A BBC team has entered a remote region of Russia normally closed to foreigners that produces almost half the world's supply of palladium - a precious metal vital for making catalytic converters. But, as the BBC's Richard Galpin reports, it is accused of being the world's largest producer of acid rain.
Trees are dying in the 30km "dead zone" around Norilsk
It took more than two months for the Russian authorities to grant us permission to travel to the secretive Siberian city of Norilsk.
For decades it has been closed to foreigners (only briefly opening up in the late 1990s) because it is deemed to be a strategic region.
It was once ringed by silos containing intercontinental ballistic missiles.
But nowadays it has something else it wants to hide from the rest of the world - chronic pollution.
From a distance it looks like a front of bad weather moving in and obscuring the otherwise pristine Arctic sky.
But drive closer and the source of the long streams of "cloud" flowing over the city and far beyond becomes clear.
To blame are the clusters of huge chimneys at three smelting plants which surround Norilsk.
Twenty-four hours a day, seven days a week, the chimneys pump out a toxic cocktail of pollutants which the company responsible openly admits is mostly sulphur dioxide.
Once in the atmosphere this gas turns into acid rain.
The company Norilsk Nickel - currently worth about $34bn (£17bn) - also admits that other pollutants including heavy metals are being pumped out, though in far smaller quantities.
"In the summer the winds change and often the gas falls onto the city," says local cameraman Andrei Razdevilov. "It's felt by everyone and it becomes difficult to breathe."
Norilsk Nickel, which owns the smelters and all the nearby mines containing the precious metal ore, allowed us into the largest of their smelting plants, which they call "Hope".
Built in the late 1970s, it is the most modern of the three plants. The oldest dates back to the 1930s, when the metal industry and Norilsk were built from scratch by prison labourers - victims of Stalin's brutal Gulag.
The inner sanctum of "Hope" is a deafening, choking cauldron.
Vast furnaces roast the ore extracted from the mines, eventually disgorging streams of red-hot liquid metal into containers that dwarf the workers standing nearby.
A rich mix of metals is produced here, including nickel, copper, palladium, platinum, gold and silver.
But the ore also contains a large amount of sulphur.
Our guide, acting chief engineer Igor Dmitriev, was candid about the amount of pollution the plant is producing every year
"Nine hundred thousand tons of sulphur dioxide is emitted by this plant," he told me. "That is the amount agreed with the government."
According to figures provided by the company, the total amount of sulphur dioxide produced by all three plants is almost two million tons a year - a figure which has only decreased by about 16% since the last days of the Soviet Union in the late 1980s.
The environmental organisation Greenpeace Russia says the pollution has created a 30km (19 mile) "dead zone" around the city and quotes scientists as saying the acid rain has spread across an area equivalent in size to Germany.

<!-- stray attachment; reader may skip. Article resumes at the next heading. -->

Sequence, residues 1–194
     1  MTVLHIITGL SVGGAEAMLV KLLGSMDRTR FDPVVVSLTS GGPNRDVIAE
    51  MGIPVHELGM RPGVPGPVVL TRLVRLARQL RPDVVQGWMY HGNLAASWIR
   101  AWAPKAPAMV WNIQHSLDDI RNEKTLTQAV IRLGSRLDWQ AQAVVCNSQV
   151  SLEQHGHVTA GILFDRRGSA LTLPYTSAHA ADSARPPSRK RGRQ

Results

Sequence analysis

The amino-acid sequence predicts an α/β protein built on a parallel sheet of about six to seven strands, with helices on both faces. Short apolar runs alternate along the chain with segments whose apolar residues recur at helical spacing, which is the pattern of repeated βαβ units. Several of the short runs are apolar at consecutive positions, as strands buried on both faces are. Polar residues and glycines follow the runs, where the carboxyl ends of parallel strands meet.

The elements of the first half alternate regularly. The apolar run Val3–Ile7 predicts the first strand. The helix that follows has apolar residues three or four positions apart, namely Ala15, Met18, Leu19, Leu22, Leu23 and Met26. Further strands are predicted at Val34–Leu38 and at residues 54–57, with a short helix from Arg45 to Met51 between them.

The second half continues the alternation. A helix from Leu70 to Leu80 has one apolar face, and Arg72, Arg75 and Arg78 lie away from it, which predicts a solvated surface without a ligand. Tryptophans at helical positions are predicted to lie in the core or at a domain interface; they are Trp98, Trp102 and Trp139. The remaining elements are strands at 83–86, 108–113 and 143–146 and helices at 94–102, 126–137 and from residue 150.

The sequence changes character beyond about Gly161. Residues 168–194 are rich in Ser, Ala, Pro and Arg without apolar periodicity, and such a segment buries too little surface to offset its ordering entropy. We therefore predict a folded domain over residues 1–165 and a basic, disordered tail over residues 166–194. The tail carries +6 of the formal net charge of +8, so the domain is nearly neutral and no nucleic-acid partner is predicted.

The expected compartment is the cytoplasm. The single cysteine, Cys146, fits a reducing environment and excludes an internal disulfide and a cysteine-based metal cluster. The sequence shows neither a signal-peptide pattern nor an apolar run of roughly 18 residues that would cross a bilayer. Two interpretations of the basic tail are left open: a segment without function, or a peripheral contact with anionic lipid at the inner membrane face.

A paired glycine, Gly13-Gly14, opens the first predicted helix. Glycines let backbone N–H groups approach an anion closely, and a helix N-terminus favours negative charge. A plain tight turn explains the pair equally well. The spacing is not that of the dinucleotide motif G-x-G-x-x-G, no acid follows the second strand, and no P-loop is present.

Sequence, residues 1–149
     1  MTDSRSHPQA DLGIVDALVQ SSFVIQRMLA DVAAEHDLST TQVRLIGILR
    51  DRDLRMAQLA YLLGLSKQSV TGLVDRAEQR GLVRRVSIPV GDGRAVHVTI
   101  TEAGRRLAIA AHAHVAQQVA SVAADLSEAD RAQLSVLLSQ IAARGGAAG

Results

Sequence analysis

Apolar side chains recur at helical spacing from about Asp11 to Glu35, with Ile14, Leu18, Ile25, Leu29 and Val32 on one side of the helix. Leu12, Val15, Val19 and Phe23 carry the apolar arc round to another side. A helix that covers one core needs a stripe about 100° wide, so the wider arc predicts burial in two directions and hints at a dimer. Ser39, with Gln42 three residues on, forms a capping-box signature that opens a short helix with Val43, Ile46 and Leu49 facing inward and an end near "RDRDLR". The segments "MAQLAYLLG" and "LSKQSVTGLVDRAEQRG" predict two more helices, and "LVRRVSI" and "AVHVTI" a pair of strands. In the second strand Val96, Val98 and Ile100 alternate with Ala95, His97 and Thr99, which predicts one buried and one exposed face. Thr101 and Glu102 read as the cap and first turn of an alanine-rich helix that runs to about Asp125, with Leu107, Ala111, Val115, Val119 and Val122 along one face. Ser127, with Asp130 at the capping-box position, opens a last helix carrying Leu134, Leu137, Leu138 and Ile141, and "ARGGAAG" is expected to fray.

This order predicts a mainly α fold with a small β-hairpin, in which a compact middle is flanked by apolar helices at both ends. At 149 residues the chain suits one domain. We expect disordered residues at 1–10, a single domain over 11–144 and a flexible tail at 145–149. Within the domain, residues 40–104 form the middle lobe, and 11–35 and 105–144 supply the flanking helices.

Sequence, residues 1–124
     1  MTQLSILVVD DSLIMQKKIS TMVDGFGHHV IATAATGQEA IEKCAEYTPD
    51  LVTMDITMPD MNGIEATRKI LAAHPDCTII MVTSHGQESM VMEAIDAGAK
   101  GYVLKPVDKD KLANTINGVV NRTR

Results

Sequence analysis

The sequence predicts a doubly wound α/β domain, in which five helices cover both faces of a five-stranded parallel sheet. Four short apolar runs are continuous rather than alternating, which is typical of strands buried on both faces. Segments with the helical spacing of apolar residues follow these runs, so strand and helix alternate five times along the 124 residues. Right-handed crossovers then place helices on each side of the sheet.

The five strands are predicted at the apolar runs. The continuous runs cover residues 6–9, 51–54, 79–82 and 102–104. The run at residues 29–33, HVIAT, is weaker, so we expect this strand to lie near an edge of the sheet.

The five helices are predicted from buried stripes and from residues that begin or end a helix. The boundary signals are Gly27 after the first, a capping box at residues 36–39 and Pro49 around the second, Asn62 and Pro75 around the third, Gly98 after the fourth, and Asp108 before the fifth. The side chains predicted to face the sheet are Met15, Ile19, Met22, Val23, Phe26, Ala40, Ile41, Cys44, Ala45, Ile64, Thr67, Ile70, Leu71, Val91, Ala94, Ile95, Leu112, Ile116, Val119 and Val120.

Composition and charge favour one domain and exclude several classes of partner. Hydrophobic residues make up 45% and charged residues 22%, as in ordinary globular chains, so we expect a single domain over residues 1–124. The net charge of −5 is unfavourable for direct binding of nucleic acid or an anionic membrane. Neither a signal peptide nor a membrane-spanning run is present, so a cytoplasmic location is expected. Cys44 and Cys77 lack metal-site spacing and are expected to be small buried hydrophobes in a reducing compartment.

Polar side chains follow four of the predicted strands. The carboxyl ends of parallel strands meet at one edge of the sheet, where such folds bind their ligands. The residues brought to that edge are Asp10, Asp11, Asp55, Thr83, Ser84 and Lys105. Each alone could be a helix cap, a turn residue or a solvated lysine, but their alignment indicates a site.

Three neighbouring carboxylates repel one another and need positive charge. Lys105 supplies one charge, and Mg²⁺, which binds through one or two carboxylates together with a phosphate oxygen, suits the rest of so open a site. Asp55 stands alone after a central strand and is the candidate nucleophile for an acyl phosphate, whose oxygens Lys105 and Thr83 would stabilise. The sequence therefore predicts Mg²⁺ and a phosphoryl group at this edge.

We drove to one of the woods just outside Norilsk to see for ourselves what has happened.
We soon found many trees which were either dead or dying.
According to local residents the evidence is even easier to see later in the year.
"Things start to grow green then," Doctor Svetlana Golubkova told us. "But the gas cloud goes over and they die."
Even more worrying for her is the impact on the health of the population, particularly children.
She says she has detected a clear trend.
"In the 1960s a lot of people came here and they were all healthy. But now there are very, very few healthy children being born here and that is all because of the environment."
She's worried about her own teenage daughter, who has eye problems, and wants her to move to a different city.
But for the company Norilsk Nickel, which employs most of the city's workforce, there is a huge amount of money at stake.
It is the world's largest producer of both nickel and palladium.
It made more than $2bn net profit in the first half of last year alone and company officials told us there is enough ore in the mines around Norilsk to keep them in business for at least another 30 years.
The deputy general director of Norilsk Nickel, Tav Morgan, told me the company accepted responsibility for what had happened to the forests, but insisted they were taking action to cut the pollution.
"For the period up to 2015-2020 we expect to reduce sulphur dioxide emissions by approximately two-thirds," he said.
"Looking at the pace we're resolving these problems you can compare it favourably to other facilities worldwide."
But he later admitted it was hard to guarantee this pace of reduction because he said they were still developing the technology.
Environmental groups such as Greenpeace are deeply sceptical.
They say the company faces the significant problem of what to do with the huge amounts of sulphur which will remain if it is not burnt off.
Transporting it to world markets is difficult because Norilsk is located in such a remote Arctic region.
Environmental campaigners are also wary because they say there is a lack of independent scrutiny of the amount of pollution created by the company.